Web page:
Former Morgan Stanley Broker in Illinois Agrees to TRO
Another former Morgan Stanley broker has accepted a temporary restraining order blocking him from soliciting former clients to join him at his new registered investment advisor, according to papers filed on Thursday in the Northern District of Illinois.
Morgan Stanley sought imposition of the order earlier this week against Steven Glazer, who resigned from the firm’s Deerfield, Illinois branch last Friday to join a small registered investment advisory firm. Lawyers for Morgan Stanley and Glazer signed the stipulated order prepared for Judge Virginia Kendall.
It is the third time in the five weeks since Morgan Stanley pulled out of the Protocol for Broker Recruiting that the firm has inhibited brokers trying to restart their practices at smaller firms by convincing judges to issue restraining orders. The firm has argued that the brokers took confidential information with them that was precluded by their employment agreements.
As in the two previous cases, the order allows the broker to respond to inbound client requests but requires him to maintain a log of the inquiries he receives.
While brokerage industry participants have been scrutinizing Morgan Stanley and its fellow Protocol dropout, UBS Financial Services, to see how aggressively they prosecute departing brokers, lawyers say none of the TROs to date present strong test cases. In each, brokers stipulated to facts about possessing customer information that would not have been allowed even if the Protocol were in effect, and in each case the brokers went to firms that were not Protocol signatories.
The Protocol permits brokers moving among signatory firms to take five rudimentary pieces of customer contact information with them. Brokers and lawyers say the true test of whether brokers can claim that client names belong to themselves rather than their former firms will come only when they can argue that they brought client names with them to the former firm because of Protocol protection and should be able to retain them when they move to a new Protocol firm.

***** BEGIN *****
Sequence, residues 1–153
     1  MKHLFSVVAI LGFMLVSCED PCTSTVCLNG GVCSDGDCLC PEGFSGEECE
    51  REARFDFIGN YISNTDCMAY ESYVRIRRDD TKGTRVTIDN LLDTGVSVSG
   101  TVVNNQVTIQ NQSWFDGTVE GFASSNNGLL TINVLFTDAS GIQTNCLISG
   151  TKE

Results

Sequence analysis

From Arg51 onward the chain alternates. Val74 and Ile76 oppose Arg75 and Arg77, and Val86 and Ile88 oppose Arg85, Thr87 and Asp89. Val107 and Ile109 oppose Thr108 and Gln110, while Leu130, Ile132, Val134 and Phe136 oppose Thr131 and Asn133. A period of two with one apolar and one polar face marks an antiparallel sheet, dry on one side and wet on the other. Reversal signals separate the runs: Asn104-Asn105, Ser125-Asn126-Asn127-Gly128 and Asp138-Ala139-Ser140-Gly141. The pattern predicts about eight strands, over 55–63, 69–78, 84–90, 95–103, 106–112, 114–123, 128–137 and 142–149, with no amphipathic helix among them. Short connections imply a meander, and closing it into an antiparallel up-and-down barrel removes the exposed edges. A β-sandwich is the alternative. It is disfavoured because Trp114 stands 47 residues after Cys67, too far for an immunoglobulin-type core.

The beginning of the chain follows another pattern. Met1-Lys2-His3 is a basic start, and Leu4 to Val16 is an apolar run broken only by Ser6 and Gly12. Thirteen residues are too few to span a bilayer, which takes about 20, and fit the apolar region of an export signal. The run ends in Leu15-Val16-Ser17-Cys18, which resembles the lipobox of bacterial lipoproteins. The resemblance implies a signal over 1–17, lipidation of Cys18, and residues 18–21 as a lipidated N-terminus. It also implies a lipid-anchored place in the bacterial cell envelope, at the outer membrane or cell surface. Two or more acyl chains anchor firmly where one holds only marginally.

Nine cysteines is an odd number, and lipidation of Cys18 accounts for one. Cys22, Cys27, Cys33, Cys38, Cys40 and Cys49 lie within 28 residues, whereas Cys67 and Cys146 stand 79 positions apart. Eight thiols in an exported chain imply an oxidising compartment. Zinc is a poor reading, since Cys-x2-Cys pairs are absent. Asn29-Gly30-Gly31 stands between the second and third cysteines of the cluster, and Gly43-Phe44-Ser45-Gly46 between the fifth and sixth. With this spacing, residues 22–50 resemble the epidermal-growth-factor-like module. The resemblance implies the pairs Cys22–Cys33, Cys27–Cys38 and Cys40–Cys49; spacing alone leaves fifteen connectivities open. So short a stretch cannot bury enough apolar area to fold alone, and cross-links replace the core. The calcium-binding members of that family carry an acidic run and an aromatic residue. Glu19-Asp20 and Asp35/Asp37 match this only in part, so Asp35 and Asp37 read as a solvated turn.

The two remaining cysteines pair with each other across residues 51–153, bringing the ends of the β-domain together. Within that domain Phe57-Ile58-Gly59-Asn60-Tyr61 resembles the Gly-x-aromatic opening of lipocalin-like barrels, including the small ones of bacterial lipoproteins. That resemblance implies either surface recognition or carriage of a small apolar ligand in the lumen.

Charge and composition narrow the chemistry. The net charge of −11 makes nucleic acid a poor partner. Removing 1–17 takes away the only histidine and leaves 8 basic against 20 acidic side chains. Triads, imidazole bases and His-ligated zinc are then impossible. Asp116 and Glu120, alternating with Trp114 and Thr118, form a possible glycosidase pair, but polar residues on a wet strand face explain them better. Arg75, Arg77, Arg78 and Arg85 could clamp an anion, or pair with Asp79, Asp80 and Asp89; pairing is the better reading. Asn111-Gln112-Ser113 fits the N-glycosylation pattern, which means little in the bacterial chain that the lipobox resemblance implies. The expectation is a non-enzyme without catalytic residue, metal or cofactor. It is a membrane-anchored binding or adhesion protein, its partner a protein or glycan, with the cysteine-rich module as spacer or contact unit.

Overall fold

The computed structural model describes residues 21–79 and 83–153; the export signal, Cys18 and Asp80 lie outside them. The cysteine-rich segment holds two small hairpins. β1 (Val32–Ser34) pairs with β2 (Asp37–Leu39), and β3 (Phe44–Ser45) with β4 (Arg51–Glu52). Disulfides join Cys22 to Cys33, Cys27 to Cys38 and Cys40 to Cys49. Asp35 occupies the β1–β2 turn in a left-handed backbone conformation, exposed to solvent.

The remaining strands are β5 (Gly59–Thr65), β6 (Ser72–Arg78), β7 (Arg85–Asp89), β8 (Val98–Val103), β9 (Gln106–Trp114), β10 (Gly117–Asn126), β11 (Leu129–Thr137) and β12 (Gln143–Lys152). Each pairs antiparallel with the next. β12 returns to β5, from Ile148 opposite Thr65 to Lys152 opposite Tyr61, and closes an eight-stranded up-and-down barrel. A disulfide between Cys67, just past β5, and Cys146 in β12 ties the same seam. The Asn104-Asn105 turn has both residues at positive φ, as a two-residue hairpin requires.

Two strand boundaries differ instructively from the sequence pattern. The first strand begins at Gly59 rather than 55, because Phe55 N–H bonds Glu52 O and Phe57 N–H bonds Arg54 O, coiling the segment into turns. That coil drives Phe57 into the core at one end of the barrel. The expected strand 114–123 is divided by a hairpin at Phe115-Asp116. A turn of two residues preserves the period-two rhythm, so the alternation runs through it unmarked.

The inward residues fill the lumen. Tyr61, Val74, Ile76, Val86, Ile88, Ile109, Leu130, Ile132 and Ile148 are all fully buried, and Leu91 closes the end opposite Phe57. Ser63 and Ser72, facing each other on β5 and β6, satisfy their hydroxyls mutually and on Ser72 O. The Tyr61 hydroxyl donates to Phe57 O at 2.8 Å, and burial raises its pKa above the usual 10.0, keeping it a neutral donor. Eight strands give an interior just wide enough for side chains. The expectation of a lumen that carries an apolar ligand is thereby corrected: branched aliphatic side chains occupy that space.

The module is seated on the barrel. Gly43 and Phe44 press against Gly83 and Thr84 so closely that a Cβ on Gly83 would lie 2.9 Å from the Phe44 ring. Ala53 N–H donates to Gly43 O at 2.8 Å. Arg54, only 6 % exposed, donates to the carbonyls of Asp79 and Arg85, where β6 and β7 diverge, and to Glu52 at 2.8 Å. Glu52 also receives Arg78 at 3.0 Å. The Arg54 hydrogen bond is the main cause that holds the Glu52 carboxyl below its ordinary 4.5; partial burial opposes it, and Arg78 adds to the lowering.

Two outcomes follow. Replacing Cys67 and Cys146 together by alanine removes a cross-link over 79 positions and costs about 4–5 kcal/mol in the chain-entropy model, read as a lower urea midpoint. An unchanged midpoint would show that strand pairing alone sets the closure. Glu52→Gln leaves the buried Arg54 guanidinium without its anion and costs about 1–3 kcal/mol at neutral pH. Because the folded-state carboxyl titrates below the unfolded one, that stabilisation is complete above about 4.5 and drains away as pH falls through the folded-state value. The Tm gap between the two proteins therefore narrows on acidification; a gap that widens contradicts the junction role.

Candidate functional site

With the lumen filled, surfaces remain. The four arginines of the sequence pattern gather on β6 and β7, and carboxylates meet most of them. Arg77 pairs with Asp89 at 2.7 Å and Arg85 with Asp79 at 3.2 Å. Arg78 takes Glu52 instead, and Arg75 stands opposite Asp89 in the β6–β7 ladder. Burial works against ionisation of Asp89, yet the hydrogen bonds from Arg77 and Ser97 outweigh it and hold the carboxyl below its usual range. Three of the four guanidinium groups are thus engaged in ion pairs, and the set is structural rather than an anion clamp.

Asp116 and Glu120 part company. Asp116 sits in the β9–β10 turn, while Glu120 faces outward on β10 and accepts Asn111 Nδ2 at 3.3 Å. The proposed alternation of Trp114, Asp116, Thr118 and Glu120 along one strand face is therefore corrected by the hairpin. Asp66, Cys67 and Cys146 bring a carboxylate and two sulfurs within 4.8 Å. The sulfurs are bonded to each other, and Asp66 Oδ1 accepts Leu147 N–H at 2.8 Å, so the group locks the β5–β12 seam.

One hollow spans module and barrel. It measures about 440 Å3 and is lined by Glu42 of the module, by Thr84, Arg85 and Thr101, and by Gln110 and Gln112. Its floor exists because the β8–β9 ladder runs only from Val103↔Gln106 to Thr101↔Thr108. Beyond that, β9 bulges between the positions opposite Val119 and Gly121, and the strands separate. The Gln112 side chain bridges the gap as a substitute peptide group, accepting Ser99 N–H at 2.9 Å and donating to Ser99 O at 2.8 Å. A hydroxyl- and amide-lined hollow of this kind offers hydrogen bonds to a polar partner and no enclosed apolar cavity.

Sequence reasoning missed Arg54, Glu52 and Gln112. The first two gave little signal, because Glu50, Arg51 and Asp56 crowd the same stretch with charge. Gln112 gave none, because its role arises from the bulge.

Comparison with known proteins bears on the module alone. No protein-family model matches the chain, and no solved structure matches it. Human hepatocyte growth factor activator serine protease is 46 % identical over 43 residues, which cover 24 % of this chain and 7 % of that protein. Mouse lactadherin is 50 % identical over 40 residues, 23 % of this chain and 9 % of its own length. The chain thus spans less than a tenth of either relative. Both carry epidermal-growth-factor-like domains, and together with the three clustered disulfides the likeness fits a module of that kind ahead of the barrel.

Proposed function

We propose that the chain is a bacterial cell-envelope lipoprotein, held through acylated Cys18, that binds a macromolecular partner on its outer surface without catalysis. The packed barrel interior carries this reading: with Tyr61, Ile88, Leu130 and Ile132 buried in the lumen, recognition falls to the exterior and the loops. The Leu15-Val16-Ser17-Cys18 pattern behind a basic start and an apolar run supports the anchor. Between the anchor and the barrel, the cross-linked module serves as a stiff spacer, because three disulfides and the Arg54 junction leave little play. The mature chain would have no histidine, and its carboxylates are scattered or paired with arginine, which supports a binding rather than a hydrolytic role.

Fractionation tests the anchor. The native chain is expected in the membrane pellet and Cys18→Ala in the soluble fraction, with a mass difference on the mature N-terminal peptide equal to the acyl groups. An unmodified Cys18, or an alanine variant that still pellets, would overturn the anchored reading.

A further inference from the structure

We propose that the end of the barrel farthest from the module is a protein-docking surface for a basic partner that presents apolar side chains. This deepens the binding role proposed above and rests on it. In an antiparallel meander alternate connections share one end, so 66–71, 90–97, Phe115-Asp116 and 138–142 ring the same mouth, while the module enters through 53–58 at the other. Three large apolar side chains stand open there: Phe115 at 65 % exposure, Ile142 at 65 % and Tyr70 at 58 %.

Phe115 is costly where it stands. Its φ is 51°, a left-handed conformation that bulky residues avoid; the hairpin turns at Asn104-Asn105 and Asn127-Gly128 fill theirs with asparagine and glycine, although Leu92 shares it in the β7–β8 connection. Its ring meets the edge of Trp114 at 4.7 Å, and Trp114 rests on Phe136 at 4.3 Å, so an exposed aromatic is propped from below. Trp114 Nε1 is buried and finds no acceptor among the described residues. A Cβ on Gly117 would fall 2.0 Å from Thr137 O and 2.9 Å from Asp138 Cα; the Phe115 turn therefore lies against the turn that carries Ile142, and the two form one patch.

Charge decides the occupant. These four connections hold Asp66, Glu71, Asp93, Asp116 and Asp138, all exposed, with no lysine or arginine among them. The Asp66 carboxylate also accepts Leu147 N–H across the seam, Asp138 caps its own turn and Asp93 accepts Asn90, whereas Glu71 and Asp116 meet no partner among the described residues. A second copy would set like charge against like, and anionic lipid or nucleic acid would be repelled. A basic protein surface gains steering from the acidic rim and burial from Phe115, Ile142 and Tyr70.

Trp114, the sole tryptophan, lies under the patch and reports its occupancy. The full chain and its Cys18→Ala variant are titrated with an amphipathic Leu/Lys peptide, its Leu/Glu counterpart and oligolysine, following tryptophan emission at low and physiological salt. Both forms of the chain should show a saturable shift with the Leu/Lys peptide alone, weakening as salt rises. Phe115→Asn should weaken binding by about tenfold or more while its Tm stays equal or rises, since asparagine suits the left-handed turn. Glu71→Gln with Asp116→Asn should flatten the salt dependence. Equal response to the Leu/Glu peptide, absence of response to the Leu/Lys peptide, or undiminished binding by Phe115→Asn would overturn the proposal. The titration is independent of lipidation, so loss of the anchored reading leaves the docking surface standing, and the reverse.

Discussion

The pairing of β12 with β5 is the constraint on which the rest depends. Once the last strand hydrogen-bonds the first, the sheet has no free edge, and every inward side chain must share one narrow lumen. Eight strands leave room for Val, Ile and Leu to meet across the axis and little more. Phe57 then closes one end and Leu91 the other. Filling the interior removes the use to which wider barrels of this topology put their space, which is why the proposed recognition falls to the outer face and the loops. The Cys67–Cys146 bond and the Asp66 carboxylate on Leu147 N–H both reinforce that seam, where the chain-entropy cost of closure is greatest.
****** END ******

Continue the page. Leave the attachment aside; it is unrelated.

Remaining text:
“The argument in these cases is going to be: Is it really fundamentally fair to allow Morgan Stanley to have recruited advisors into the firm under the guise of the Protocol and now trap them at the firm by exiting,” said George Miller, a securities industry lawyer at Shustak Reynolds & Partners PC in San Diego who was not affiliated with the Glazer case.
Morgan Stanley, the biggest U.S. broker-dealer as measured by its 15,700 sales force, said it dropped out of the Protocol because competitors were “gaming” the pact so they could hire talent from the larger firm, which itself has cut its recruiting budget. Many of the brokers have joined smaller broker-dealers and advisory firms that may not have the resources to fight court and arbitration battles on behalf of their new hires.
Glenn Movish, the founder of Asset Management Group, the firm that Glazer joined, said in an interview on Tuesday that Morgan Stanley was attacking “the minnow” to send a message to larger brokers about what it would do if they tried moving to any sized firm.
Glazer, a six-year industry veteran, declined to comment on the TRO. He earlier told AdvisorHub that he had made a mistake by e-mailing himself a list of customers, and noted that he had been managing “more than $50 million in client assets,” a relatively small book, at Morgan Stanley.
Miller and other lawyers said they are not aware of UBS having filed for TROs since its Protocol exit earlier this month. UBS, which like Morgan Stanley and Merrill Lynch have halted recruiting efforts this year, employs fewer than 7,000 brokers.